Sunday 5 December 2010

Beware of well-disguised Pyramid Schemes

Beware of well-disguised Pyramid Schemes

We've all heard of a wide range of scam stories, pyramid schemes, etc.

I'm forwarding an excerpt from a mail that I received some time back that talks about one such obvious pyramid scheme:


----- Original Message -----
From: BS

As we found out, some 90% of PQR's borrowings are secured against the very loan it gives out, in a remarkable case of pyramiding. Banks are funding its receivables arising out of gold loans even though the underlying gold does not belong to it. In effect, thanks to an interesting piece of financial engineering and support from banks, the gold people loan out to PQR becomes an asset for the company! This looks like a pyramid scheme but everyone believes that the pyramid will not topple as long as the going is good. While we have no forecast on the price of gold, we certainly believe that a business model, built by pyramiding money, entirely based on the speculative price of a single product, has huge potential risks. What are these risks?


In the original mail, the name of the company was clearly mentioned. I'm referring to the company as "PQR" for the following reasons:

  • Since I'm not 100% sure of the absolute facts of the case, I feel that it is inappropriate to mention the name on a blog post with negative implications
  • I'm personally aware of at least half-a-dozen companies to whom this anecdote would apply. Hence, there's no point naming a single entity.
  • This blog post is intended solely as an "educational post" - The idea is to make you conscious of the kind of environment that we are finding ourselves in, and, to that extent, be better prepared.

I would like to elaborate on the mail with a clarificatory note:

  • Let's say, PQR is a small-time lender with a capital of Rs. 1,00,000/= to lend towards gold loans. Let's further assume that 10 persons borrow a sum of Rs. 10,000/= each by pledging their gold jewels. Thus far, there is no undue risk to any person.
  • Now, if PQR takes a loan of Rs. 90,000/= against the amount receivable from these 10 borrowers from a bank, they can make a further disbursal of 9 such loans of Rs. 10,000/= each. However, their capital remains Rs. 1,00,000/=.
  • If the above process is repeated a dozen times, we have a situation where the capital of PQR remains 1,00,000/=. However, thanks to what the financial experts would call "leverage", the quantum of loans disbursed would run upwards of Rs. 10,00,000/=.

This is not in any way unduly risky for the borrower who is pledging his gold. However, for people who have invested their hard-earned money in PQR (either by buying equity stakes in PQR or by making a fixed deposit with PQR), this can become quite risky.

Let's see how:

  • Supposing a bank hears rumours about
    • A few defaults by customers of PQR or
    • The trustworthyness or otherwise of PQR
  • Immediately, the bank will ask PQR to repay those loans. Soon the matter will be out in the market, and other banks will also ask for their money.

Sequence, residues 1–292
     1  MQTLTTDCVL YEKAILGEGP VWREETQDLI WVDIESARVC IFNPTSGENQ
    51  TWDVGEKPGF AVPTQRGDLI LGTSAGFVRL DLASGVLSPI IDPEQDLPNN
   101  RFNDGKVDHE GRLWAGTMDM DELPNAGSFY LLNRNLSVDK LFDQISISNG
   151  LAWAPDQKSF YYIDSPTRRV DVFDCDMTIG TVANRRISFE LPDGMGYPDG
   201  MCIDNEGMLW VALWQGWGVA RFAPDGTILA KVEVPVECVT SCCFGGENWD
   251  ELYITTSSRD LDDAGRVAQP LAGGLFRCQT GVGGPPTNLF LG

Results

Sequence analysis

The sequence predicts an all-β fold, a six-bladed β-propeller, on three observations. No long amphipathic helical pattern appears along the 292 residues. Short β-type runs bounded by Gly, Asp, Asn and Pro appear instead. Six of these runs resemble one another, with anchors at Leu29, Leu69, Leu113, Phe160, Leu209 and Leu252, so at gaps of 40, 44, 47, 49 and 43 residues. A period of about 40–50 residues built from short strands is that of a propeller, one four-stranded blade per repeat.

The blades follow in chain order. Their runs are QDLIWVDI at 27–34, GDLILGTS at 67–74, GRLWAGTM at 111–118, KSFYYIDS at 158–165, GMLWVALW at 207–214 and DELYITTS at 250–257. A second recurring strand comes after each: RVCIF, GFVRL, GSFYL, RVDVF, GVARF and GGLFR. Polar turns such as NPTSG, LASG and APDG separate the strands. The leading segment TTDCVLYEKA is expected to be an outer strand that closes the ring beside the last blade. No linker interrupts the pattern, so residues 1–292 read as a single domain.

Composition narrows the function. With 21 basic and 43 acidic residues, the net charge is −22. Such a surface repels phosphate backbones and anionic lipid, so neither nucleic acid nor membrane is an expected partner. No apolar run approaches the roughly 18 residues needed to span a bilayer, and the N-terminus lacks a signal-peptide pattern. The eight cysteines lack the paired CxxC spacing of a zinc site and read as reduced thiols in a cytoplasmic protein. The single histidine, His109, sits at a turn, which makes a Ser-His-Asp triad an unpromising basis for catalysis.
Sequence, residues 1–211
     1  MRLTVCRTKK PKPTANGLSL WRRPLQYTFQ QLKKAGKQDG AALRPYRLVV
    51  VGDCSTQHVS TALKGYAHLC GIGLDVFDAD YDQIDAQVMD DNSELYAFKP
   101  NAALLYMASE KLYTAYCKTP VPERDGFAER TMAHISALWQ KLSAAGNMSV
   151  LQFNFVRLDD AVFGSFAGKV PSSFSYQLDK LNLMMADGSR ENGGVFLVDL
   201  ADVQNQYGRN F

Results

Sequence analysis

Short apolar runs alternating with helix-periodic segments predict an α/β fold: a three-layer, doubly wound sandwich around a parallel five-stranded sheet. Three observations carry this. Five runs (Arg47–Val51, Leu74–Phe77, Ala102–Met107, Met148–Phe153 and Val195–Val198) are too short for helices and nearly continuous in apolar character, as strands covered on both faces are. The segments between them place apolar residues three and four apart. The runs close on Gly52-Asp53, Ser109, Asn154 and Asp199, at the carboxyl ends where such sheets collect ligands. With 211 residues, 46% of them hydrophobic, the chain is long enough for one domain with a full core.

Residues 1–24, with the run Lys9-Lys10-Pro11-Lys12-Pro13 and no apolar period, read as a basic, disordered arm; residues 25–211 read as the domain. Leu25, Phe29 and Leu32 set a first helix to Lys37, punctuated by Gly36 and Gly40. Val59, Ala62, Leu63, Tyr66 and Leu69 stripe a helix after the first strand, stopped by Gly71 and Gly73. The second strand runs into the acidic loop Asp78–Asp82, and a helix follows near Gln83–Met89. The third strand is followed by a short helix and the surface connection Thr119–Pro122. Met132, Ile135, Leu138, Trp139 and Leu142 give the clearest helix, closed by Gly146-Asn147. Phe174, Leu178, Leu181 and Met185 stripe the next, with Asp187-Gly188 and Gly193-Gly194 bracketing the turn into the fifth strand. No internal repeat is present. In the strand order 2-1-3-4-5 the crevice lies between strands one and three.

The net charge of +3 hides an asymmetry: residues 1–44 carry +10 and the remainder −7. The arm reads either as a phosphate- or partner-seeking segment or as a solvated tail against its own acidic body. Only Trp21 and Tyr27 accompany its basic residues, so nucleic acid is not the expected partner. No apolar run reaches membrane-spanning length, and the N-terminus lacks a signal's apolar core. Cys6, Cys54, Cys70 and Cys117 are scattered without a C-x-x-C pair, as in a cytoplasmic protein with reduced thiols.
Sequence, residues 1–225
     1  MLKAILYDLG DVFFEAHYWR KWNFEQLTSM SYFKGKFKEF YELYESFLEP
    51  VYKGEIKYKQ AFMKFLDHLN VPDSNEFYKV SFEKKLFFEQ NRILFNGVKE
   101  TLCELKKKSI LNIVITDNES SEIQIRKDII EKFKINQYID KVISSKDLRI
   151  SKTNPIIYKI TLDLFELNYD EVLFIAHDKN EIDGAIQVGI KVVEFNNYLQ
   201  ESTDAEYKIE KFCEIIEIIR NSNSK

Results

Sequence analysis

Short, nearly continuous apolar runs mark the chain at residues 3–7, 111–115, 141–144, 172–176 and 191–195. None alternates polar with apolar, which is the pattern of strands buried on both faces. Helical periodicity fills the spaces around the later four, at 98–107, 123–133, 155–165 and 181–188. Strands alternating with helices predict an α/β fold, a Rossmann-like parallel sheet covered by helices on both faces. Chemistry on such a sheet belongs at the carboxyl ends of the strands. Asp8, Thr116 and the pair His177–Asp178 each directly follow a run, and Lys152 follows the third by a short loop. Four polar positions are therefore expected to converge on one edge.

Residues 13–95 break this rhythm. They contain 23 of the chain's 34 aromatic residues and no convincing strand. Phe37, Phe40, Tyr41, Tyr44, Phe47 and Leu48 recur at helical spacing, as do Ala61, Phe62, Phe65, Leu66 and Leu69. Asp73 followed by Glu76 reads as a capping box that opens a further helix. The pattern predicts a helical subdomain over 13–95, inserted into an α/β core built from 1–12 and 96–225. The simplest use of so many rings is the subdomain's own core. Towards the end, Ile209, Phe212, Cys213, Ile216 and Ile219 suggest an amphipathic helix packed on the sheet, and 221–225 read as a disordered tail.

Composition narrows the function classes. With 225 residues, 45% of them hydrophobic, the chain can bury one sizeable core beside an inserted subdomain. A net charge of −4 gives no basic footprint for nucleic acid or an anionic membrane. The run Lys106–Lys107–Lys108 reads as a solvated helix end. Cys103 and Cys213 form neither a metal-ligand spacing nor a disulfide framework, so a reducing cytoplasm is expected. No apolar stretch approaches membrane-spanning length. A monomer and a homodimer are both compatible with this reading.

• Unfortunately, PQR can't ask all their borrowers to repay right away. Nor can they sell the gold. They are obviously stuck between a rock and a hard place.
  • Result: Either significant losses for PQR or for bankruptcy of PQR. Both of these consequences are bad for people who have invested in PQR.

Moral of the story:

  • If you are borrowing (by pledging jewels) from a company like PQR, you should be aware of the risks involved. But, as your requirement is apparently urgent and critical, it is perhaps OK. Even then, your first preference should be to borrow from a recognised bank (preferably a public sector bank). Only if all such alternatives are exhausted should you approach people like PQR.
  • If you are an investor in PQR (either buying shares of PQR or by making fixed deposits in PQR) - BEWARE OF THE RISKS INVOLVED
  • Once you understand the risk involved thoroughly, if you still desire, you may choose to invest a very small portion of your overall portfolio of investible surplus funds in companies like PQR. And watch your investments like a hawk.

For the benefits of readers who wonder who is this notorious PQR, here's my response:

  • It doesn't matter. All companies which give loans to individuals like you and me have to manage this inherent risk of leverage.
  • If you still want clues, look at the "Loan available" ads among the Sunday Classfied columns, Gold Loan advertisements on TV, etc. 
  • Some of them, like banks, are well-regulated entities, operating under strict rules and regulations, including prudential capitalisation norms.
  • Others, like PQR, are either unregulated or are coming under much less rigourous regulations.

Hence, you just need to understand your risk profile and invest accordingly. On both a long-term and short-term basis, you'll find that well-regulated, adequately capitalised banks have less volatile share price movements, but companies like PQR will have share price movements which are much more volatile. You'll find companies like PQR quoting at ridiculously low levels at the depth of a bear market.

  • If you have a sufficiently high risk appetite, and are reasonably confident that PQR will not go bankrupt before the next bull run, you can go ahead and invest your money in buying shares of PQR. You may very well have a multi-bagger in your hands.
  • However, if you're the kind of person who will lose sleep over erosion of the value of your portfolio, better stay away from companies like PQR.



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